Japanese pension fund Chikyoren taps UBS, JP Morgan as PE managers

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Japan’s state pension fund Chikyoren or Pension Fund Association for Local Government Officials, has concluded its search for domestic and overseas private equity fund managers, tapping Asia asset management firms UBS and JP Morgan.

The $185 billion Japanese pension fund has chosen UBS and JP Morgan to manage its global real estate, and infrastructure investment, respectively.

The decision came a month after Chikyoren hired Nomura Asset Management to handle a domestic real estate mandate. Nomura along with Japanese bank Resona, took the same roles in the pension fund’s RFP for real estate in July last year.

Japanese investors are likely to invest in global real estate as a result of Chikyoren’s latest decisions, reports said.

Tagged as one of Japan’s “Big Four” public pension funds, Chikyoren has yet to disclose the percentage of assets it wants to allocate to property investment.

Placement agent Asterisk Realty recently reported that Chikyoren might set a 5 per cent cap on alternative investments, similar to the allocation target adopted by Japan’s largest pension fund, GPIF.

Based on Chikyoren’s latest asset allocation report last December 31, 2015, it allotted about 47.56 per cent of its holdings to domestic bonds, 22.93 per cent to Japanese stocks, 11.94 per cent to foreign bonds, 15.92 per cent to overseas equities, and 1.65 per cent to short-term assets.

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Japanese state pension fund Chikyoren scouting for PE managers

Japan: ‘Big four’ pension fund Chikyoren chooses Nomura as domestic investment manager

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Singapore Reporter/s

In Singapore, we are looking to double our reporting team by this year-end to comprehensively cover the fast-moving world of funded startups and VC, PE & M&A deals. We want reporters who can tell our readers what is really happening in these sectors and why it matters to markets, companies and consumers. The ability to write precisely and urgently is crucial for these roles. Ideal candidates must have to ability to work in a collaborative, dynamic, and fast-changing environment. We want our new hires to be digitally savvy and ready to experiment with new forms of storytelling. Most importantly, we are looking for hard-hitting reporters who work well in a team. Collaboration and collegiality are a must.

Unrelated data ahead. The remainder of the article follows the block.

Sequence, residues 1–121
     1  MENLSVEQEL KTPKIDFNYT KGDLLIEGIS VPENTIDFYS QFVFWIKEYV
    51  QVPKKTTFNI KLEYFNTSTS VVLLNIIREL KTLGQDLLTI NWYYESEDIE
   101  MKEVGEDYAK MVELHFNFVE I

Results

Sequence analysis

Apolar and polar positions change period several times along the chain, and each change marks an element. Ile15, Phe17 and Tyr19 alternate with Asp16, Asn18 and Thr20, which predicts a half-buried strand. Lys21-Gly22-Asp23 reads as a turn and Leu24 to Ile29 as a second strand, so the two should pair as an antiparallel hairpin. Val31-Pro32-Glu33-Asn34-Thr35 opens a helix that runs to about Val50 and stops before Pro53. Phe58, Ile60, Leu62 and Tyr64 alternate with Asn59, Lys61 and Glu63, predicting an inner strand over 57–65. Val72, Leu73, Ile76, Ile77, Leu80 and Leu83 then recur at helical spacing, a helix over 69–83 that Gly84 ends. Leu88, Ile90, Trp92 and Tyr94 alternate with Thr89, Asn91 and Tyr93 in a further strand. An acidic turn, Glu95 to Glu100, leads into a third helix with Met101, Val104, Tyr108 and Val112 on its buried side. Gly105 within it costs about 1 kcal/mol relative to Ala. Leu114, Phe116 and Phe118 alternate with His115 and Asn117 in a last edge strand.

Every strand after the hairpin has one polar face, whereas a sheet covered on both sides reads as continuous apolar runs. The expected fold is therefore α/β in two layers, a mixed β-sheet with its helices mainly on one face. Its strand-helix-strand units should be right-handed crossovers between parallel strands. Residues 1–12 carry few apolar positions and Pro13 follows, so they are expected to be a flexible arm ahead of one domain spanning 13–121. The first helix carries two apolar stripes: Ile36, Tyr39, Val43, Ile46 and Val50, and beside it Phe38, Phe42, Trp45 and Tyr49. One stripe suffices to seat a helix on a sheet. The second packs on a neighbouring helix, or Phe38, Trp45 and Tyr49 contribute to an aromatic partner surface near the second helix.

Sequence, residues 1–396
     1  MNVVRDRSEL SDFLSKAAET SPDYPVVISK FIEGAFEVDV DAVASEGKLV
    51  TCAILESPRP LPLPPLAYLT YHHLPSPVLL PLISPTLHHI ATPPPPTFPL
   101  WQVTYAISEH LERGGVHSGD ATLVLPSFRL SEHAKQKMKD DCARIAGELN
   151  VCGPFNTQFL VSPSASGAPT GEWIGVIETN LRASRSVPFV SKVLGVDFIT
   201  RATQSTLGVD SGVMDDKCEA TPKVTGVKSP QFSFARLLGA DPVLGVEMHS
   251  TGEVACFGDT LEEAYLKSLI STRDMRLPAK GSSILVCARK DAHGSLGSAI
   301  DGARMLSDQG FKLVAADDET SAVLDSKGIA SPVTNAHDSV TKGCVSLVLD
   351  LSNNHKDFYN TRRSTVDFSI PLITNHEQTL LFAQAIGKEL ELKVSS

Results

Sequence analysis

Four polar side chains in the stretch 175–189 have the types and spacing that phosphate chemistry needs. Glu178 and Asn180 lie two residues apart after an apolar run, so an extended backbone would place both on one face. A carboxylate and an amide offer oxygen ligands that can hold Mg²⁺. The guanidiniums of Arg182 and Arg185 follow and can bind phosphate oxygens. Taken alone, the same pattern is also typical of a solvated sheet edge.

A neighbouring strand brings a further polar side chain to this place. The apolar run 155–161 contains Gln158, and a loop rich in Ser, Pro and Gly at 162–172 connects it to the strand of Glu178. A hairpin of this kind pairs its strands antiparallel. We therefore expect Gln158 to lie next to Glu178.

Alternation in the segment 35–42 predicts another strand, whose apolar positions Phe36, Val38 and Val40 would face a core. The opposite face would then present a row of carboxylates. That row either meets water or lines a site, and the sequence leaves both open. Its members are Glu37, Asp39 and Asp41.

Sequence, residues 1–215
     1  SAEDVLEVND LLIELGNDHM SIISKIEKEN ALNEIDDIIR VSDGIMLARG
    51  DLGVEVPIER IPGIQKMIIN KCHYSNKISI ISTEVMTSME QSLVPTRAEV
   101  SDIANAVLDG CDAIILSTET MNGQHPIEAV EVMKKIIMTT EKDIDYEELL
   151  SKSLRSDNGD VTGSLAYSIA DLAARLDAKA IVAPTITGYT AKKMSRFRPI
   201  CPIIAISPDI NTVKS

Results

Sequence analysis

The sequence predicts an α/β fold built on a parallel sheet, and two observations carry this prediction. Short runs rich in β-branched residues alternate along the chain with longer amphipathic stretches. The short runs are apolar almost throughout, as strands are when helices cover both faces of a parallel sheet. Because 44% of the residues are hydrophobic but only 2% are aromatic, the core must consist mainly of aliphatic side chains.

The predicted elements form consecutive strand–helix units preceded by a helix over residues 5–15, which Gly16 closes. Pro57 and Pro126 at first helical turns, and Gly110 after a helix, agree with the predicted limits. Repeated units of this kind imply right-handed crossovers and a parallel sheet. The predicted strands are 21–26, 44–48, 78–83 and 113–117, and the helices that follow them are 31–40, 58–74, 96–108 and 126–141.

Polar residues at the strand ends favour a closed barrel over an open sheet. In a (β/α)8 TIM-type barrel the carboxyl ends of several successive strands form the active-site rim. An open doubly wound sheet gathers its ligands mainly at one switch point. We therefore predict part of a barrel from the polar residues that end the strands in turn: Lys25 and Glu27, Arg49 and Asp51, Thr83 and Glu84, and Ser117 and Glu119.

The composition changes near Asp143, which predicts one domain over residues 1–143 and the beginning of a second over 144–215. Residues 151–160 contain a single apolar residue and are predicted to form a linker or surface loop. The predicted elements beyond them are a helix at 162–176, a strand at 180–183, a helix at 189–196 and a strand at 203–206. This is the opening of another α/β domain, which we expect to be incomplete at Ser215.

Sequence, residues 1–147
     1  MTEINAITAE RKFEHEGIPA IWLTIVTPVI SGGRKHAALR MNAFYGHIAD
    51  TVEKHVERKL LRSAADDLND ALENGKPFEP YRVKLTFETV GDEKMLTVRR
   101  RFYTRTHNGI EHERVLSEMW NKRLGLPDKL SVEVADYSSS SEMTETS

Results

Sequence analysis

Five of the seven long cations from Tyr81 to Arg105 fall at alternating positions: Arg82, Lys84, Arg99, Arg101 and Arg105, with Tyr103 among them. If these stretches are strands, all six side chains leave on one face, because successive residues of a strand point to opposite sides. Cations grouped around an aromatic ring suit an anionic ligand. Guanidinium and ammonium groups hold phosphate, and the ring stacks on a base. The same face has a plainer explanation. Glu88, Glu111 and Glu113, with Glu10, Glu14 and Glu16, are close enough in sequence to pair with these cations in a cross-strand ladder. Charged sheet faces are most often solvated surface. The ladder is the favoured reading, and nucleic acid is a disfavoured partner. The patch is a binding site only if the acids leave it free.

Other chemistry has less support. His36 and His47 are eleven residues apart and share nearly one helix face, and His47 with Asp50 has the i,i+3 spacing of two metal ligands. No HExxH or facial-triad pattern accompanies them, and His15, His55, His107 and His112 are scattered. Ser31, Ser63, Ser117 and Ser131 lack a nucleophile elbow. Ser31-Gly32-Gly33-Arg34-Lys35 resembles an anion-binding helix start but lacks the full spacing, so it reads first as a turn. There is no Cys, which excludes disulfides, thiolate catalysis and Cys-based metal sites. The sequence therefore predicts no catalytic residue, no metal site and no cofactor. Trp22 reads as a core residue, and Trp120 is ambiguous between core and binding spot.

Following vacancies can be applied for (only in Singapore).

Following vacancies can be applied for (only in Singapore).   

  • A reporter to track companies/startups that have raised private capital, and have the potential to become unicorns. SEA currently has over 40 companies with a valuation of over $100 million and under $1 billion.
  • A reporter who can get behind the scenes and reveal how funding rounds are put together, or why they’ve failed to materialise. She/he in this role will largely focus on long-format stories. 
  • A journalist to track special situations funds, distressed debt and private credit (from the PE angle) across Asia.

Singapore Reporter/s

In Singapore, we are looking to double our reporting team by this year-end to comprehensively cover the fast-moving world of funded startups and VC, PE & M&A deals. We want reporters who can tell our readers what is really happening in these sectors and why it matters to markets, companies and consumers. The ability to write precisely and urgently is crucial for these roles. Ideal candidates must have to ability to work in a collaborative, dynamic, and fast-changing environment. We want our new hires to be digitally savvy and ready to experiment with new forms of storytelling. Most importantly, we are looking for hard-hitting reporters who work well in a team. Collaboration and collegiality are a must.

Following vacancies can be applied for (only in Singapore).

Following vacancies can be applied for (only in Singapore).   

  • A reporter to track companies/startups that have raised private capital, and have the potential to become unicorns. SEA currently has over 40 companies with a valuation of over $100 million and under $1 billion.
  • A reporter who can get behind the scenes and reveal how funding rounds are put together, or why they’ve failed to materialise. She/he in this role will largely focus on long-format stories. 
  • A journalist to track special situations funds, distressed debt and private credit (from the PE angle) across Asia.